Jump to content




See all Safaritalk Special Offers

Message to Guests.

Welcome to Safaritalk where we have been talking Safaris and wildlife conservation since 2006. As a guest you're welcome to read through certain areas of the forum, but to access all the facilities and to contribute your experience, ask questions and get involved, you'll need to be a member - so register here: it's quick, free and easy and I look forward to having you as a Safaritalker soon. Matt.


Photo

Show us your Tapirs

Malaysia Sumatra Thailand South East Asia South America Brazil Peru Ecuador Central America Costa Rica

  • Please log in to reply
21 replies to this topic

#1 inyathi

inyathi

    Advanced Member

  • Members
  • PipPipPip
  • 1,946 posts
  • Local time: 11:10 PM
  • Gender:Male
  • Location:UK
  • Category 1:Tourist (regular visitor)
  • Category 2:---

Posted 31 July 2014 - 07:33 PM

There are five species of tapir around the world one in South East Asia and four in the Americas, since I’ve been lucky enough to have seen three of them I thought I’d start a tapir thread. So if you have any photos or videos of any of the following species please add them to this thread.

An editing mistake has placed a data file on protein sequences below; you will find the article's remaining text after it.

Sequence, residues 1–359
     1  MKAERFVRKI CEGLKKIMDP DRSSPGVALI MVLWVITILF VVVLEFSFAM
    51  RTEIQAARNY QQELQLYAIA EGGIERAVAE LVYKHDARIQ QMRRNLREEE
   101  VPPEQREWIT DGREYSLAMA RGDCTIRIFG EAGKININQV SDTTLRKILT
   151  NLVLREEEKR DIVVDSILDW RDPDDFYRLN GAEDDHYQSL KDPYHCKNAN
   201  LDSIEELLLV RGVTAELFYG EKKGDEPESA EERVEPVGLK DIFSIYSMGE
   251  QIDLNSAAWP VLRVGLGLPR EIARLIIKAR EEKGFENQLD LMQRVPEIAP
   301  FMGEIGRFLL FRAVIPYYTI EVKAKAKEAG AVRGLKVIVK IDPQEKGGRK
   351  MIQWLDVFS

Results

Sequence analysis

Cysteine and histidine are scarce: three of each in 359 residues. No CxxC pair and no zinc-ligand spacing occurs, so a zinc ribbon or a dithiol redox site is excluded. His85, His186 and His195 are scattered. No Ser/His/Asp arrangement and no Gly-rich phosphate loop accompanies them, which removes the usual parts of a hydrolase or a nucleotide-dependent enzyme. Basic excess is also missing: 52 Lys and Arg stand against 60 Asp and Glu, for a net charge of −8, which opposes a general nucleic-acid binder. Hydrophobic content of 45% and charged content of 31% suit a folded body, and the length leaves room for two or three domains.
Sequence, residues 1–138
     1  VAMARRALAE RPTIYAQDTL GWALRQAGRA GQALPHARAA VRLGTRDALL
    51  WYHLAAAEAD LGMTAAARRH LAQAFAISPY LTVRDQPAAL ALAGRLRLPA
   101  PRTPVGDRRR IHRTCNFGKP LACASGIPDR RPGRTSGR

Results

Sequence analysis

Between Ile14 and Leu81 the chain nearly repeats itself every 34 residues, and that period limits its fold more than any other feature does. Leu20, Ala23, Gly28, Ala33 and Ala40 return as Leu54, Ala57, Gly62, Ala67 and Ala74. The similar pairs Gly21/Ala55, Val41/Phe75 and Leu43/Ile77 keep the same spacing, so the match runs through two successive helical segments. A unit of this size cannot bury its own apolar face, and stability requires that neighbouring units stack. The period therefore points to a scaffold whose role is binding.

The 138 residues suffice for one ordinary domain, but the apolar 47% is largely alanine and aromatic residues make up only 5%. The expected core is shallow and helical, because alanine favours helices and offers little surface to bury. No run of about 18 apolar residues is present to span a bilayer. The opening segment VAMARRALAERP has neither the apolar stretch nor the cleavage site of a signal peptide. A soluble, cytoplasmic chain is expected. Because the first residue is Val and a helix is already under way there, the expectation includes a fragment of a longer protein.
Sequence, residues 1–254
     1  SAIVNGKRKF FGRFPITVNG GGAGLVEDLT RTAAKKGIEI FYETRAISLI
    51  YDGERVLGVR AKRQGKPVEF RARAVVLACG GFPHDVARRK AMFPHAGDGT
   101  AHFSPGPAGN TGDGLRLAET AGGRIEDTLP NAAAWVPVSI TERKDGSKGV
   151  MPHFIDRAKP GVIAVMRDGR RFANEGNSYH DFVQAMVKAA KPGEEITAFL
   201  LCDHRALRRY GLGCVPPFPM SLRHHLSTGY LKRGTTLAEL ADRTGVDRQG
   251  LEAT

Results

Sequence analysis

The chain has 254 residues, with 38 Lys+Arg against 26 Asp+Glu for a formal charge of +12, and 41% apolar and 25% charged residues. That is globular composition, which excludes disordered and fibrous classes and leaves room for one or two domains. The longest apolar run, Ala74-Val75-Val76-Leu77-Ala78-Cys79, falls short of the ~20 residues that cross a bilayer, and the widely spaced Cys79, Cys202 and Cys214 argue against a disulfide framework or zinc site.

Malayan tapir (Tapirus indicus)

 

Is the largest and perhaps oddest looking species with its distinctive black & white colouration, this rainforest species is distributed along the Tenasserim Mts. from the borders of south eastern Burma and south west Thailand south along the Malay Peninsula and on the neighbouring island of Sumatra in Indonesia. There are no confirmed records from elsewhere in the region, it’s sometimes suggested that this species once occurred in Cambodia, southern Laos and southern Vietnam and is now extinct there; however the forests where tapirs were reputed to occur are too dry to support this species. They’ve never been reported from the wetter forests of the Annamite Mts. on the Laos/Vietnam border where tapirs could survive so it’s likely that the species was never found in any of these countries in recent historical times.